Bruce Heye, a relentless advocate for North Carolina's wine industry, passed away in 2016.

Editor’s Note: Douglas Heye is the ex-deputy chief of staff to former House Majority Leader Eric Cantor, a GOP strategist and a CNN political commentator. Follow him on Twitter @dougheye. The opinions expressed in this commentary are his own. View more opinion on CNN.

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When my father unexpectedly died in 2016, I rushed home to North Carolina. The 6 hour-drive was exhausting, more emotionally than physically. Once there, I was unsettled, not just by the shock, but knowing my father died the day before on the couch I was now staring at and wouldn’t dare sit on. A situation not unlike one anyone who has lost a parent has faced.

Douglas Heye

I opened the refrigerator, saw a bottle of local chardonnay, and smiled. It was a small gift from the universe.

The next day, upon arriving from London, my brother asked, “What’s on the agenda?”

He meant wine.

Dad left behind a 300+ bottle wine cellar. Over takeout, my brother and I opened a bottle of Meursault from the cellar, raised glasses and discussed the path ahead – the funeral, speeches, logistics and everything that comes with the death of a parent. Even which wines to serve at a post-funeral reception.

Dad was a fixture back home, especially in the wine community. The Winston-Salem Journal editorialized that he “touched thousands of people through his wine articles, wine-appreciation classes, and countless wine tastings.” A relentless advocate for North Carolina’s wine industry, the North Carolina Winegrowers Association honored him as the first non-winegrower to receive its Member of Distinction Award.

Perhaps more important, the Journal noted, “Heye knew his stuff, but he was no snob.” Hopefully, some of that rubbed off.

Being executor of his estate meant countless drives home: unpleasant meetings with county clerks, prepping the house for sale, the emotionally taxing process of deciding what to keep, donate or throw away – and so much paperwork.

Heye left behind a 300+ bottle wine cellar.

Each trip also included opening more of his wine. What Dad’s long-time girlfriend didn’t keep remained with me. Some bottles went straight down the drain (A Russian sparkling wine?!). Some were just OK, others downright transcendent.

Each time I’d open one, the sentence “This was one of Dad’s” told friends and loved ones something special was in the offing. A 1990 Château Pichon-Comtesse on a Father’s Day, a 2014 Domaine Dujac Puligny-Montrachet Premier Cru Les Folatières for his birthday, and so on.

But one bottle loomed large: Château Latour 1990.

Latour, one of the five famed Bordeaux First Growths, the highest classification of Bordeaux wines, dates to 1331. It’s really expensive. A recent offer from a local wine store advertised the 1990 Château Latour for $1,350. Slightly, I mean massively, out of my budget.

Dad bought this particular bottle on a 1993 trip to Bordeaux and left it untouched for 23 years. Green yarn tied around its neck, Dad joked, would make it easy to find if he felt “the big one” coming and he thought the end was near. Although, since he said it more than once, was he really joking?

Professional reviews all raved about the Latour, ranging from “one of my favorite wines ever” by Wine Spectator, to Jancis Robinson declaring it “a dream wine.” Steven Tanzer praised the “incredible unfolding peacock tail of a finish.” Vinous called the 1990 Latour “like running into a long-lost friend.” Unlike Tanzer’s take, that I understood.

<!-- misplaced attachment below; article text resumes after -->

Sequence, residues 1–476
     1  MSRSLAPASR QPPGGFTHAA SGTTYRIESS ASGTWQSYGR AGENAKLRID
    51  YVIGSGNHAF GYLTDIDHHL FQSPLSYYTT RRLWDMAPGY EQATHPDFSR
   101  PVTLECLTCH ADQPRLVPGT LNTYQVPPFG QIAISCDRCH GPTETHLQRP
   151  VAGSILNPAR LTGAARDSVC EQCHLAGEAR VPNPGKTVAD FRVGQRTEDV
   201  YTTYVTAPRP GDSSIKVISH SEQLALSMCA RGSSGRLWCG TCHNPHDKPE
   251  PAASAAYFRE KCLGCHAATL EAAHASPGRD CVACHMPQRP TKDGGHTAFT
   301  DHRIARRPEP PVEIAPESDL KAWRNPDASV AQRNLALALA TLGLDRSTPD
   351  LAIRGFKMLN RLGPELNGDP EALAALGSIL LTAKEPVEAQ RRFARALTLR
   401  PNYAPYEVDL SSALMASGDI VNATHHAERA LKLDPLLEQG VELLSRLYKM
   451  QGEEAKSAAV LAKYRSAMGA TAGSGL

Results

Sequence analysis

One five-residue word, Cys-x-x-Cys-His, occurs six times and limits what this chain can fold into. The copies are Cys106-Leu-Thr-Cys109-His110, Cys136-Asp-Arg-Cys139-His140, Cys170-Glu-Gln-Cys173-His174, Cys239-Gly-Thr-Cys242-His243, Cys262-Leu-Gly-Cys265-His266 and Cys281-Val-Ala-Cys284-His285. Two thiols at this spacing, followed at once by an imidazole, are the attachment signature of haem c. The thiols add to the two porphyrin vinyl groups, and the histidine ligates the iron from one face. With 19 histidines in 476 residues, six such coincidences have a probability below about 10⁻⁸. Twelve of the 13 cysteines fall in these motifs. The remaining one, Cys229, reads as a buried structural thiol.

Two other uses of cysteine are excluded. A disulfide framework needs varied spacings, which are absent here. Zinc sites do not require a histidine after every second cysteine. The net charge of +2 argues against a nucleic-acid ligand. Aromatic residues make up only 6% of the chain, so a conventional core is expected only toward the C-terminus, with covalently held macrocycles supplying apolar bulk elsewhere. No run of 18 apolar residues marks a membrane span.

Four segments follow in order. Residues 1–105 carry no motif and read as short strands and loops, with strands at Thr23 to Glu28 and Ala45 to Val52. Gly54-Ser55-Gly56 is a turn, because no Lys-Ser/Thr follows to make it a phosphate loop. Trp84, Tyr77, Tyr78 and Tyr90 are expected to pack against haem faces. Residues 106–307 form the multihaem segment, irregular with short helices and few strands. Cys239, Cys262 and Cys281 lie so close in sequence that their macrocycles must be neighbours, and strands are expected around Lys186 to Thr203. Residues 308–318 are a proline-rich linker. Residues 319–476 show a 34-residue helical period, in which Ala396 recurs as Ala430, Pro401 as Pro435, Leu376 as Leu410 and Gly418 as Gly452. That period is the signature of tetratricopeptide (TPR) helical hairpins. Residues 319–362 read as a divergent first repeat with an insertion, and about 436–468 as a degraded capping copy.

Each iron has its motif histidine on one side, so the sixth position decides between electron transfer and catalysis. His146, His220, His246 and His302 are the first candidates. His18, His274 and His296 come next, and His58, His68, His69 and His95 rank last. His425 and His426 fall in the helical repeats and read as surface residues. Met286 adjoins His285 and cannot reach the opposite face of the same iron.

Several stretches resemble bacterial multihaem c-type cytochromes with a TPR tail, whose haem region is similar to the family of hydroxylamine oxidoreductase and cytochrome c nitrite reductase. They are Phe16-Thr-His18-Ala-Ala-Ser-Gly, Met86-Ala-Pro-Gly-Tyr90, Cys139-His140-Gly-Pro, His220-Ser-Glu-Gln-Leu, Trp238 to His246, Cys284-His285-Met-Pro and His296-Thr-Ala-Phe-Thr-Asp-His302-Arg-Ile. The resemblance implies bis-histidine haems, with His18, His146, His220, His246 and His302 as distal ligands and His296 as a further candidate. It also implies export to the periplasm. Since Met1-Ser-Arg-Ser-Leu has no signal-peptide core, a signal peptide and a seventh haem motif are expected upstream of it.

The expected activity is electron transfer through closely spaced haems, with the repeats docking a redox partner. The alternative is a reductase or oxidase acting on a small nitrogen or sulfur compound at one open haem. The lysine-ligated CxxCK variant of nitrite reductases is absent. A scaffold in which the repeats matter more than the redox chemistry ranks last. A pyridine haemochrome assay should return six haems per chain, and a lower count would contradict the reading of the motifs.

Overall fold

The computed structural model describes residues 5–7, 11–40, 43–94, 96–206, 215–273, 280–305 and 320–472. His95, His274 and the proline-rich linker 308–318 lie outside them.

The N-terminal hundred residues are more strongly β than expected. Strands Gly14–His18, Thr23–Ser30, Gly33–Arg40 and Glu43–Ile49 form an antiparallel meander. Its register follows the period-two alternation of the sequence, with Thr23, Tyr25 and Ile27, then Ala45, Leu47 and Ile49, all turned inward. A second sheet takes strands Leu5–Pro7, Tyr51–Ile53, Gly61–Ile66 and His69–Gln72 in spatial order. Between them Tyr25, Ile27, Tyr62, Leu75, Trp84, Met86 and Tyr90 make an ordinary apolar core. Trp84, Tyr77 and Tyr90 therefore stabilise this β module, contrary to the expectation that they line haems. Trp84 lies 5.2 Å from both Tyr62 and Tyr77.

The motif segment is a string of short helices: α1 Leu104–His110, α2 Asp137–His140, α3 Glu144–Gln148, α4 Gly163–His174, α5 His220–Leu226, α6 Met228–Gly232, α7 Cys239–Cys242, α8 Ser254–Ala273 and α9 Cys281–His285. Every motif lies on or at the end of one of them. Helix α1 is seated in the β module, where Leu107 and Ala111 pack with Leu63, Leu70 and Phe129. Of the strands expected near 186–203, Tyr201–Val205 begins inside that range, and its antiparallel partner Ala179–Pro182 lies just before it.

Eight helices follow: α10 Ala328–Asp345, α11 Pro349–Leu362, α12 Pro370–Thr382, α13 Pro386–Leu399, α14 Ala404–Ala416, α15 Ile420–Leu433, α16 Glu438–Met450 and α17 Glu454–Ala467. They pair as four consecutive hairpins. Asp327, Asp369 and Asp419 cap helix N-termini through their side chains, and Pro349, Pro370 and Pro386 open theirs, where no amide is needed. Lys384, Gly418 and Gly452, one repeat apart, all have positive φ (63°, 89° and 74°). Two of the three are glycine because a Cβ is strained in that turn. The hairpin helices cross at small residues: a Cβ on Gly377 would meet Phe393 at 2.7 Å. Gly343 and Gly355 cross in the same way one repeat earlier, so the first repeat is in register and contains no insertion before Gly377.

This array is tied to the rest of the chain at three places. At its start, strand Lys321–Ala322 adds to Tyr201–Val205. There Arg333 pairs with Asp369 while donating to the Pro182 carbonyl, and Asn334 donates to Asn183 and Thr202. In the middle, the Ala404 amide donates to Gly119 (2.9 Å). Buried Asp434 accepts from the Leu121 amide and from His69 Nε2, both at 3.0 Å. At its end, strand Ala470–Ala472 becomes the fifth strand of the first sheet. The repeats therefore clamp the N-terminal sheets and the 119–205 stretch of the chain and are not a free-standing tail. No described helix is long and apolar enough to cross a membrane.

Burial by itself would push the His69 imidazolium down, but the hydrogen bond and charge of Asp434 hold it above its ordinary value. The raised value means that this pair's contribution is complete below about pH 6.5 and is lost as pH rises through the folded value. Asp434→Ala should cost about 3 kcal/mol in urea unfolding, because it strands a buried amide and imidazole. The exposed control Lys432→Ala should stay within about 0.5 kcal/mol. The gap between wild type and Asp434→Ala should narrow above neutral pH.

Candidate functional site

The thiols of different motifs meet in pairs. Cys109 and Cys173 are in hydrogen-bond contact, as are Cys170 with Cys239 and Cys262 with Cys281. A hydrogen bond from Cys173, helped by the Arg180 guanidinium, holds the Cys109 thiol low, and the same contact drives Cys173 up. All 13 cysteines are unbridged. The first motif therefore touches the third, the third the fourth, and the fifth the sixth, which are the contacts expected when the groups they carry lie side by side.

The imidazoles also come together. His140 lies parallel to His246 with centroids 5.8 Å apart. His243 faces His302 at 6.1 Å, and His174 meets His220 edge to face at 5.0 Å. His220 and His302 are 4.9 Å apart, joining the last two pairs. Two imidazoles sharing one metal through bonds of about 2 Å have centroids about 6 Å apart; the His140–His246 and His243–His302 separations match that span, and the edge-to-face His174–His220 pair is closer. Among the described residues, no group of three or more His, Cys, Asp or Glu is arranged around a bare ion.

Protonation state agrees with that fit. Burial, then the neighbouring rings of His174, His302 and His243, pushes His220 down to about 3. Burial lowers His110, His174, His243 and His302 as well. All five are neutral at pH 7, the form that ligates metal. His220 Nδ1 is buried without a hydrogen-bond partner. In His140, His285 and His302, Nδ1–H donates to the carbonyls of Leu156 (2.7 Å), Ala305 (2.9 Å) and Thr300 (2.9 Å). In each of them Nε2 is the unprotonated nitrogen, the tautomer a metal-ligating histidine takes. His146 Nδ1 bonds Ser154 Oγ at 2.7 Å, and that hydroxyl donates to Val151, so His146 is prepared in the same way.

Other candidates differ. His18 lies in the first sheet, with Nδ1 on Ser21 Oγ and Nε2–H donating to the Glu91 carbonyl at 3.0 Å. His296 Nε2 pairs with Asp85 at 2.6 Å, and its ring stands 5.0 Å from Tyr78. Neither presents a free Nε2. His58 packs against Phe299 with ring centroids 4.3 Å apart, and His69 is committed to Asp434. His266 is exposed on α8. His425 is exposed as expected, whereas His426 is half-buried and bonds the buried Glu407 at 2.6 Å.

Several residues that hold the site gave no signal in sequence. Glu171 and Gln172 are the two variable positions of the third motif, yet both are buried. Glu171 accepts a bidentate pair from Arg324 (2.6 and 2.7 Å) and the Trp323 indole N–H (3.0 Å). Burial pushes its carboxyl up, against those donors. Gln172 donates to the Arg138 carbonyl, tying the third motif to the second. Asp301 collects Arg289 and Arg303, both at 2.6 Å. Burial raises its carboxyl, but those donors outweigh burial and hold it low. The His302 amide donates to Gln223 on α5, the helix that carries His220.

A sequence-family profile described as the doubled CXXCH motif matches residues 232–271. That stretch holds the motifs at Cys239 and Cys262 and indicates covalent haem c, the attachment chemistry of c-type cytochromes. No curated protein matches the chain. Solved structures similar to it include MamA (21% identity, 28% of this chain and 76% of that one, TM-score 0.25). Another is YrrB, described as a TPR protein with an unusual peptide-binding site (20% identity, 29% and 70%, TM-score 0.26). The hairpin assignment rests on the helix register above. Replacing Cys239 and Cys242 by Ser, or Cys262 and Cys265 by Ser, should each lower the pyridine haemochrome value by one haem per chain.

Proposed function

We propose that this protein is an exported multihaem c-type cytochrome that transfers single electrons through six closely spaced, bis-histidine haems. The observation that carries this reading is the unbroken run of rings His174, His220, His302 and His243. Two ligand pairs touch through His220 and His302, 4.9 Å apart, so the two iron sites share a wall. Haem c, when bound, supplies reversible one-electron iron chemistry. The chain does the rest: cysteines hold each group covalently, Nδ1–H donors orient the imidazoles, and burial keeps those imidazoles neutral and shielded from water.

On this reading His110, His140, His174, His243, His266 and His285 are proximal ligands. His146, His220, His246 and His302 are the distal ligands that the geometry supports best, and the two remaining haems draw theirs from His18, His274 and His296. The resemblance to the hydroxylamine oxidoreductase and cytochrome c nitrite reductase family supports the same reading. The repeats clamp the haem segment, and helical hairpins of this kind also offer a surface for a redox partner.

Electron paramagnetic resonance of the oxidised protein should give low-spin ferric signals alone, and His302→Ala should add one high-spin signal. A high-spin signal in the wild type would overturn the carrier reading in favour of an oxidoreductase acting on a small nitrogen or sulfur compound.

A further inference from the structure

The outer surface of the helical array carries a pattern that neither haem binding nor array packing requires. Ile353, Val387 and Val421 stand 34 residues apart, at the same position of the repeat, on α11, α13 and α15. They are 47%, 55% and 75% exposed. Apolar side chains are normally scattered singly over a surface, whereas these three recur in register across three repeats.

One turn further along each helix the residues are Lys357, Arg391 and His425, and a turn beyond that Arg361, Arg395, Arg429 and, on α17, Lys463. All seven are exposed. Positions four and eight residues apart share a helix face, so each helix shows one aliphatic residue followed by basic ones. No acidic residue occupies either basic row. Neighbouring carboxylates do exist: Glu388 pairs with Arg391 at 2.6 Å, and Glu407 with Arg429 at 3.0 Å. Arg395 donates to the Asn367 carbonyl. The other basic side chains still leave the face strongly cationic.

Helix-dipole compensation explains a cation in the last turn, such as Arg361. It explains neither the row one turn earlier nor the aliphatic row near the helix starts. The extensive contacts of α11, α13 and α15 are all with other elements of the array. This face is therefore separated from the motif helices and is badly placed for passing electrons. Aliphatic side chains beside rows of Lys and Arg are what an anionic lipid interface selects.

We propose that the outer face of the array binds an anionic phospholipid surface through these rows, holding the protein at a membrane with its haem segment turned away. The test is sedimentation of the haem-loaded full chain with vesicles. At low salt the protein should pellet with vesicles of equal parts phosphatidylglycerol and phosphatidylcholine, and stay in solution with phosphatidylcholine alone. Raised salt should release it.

It became his last bottle from his cellar. Opening it this May to celebrate his 80th birthday seemed appropriate.

Actually drinking wines like this can be daunting. Would it live up to expectations? What if it was corked? Being clumsy and dropping it on the floor was a thought I tried to keep at bay.

Heye bought this 1990 Château Latour bottle and left it untouched for 23 years.

The cork was a little crumbly, but, using Dad’s old Screwpull, I removed it intact. Whew. The fill-level was good.

So how was the wine?

A friend took a sniff and offered perfectly succinct praise, “Son of a b%&*#!” before we decanted it and turned to a Christian Moreau Chablis Grand Cru Valmur.

With a perfectly grilled Wagyu steak that practically dissolved with each bite, I thought about Dad. And time. My college graduation, Dad’s marriage at the time (which the Latour outlasted!), a vacation in Spain, a visit to Burgundy, fights and hugs, and the time –

Old wines from great vintages do that. But this was different. I scarcely have anything from my mother, who passed away in 1997. I have Dad’s corkscrew, his humidor and cigar cutter, plus an old signed baseball and that’s…it.

Opening the Latour was a second farewell of sorts, simultaneously having a last gift while consuming one of the last tangible things of his I had. Ill-suited for the math pop quiz of being executor, I nearly opened it after a tough day of dealing with his estate. I’m glad I waited for the right moment.

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    Hopefully, I didn’t betray that over dinner. Political nonsense and upcoming elections were good conversational detours. As was the fact that Jancis Robinson was right, this was a dream wine that somehow, even at 32 years old, seemed young.

    And it was a reminder, as erstwhile Covid bakers learned, things of the stomach are often about much more. And for anyone who has that one bottle from a loved one “too special” to uncork – open it! If it’s bad, that comes with the territory. But if it’s good, as the Latour was, it’s a glorious tribute.

    So this Father’s Day, I’ll raise a glass of…something, thankful of gifts received and challenges passed.

    And the empty bottle of Latour? I kept that.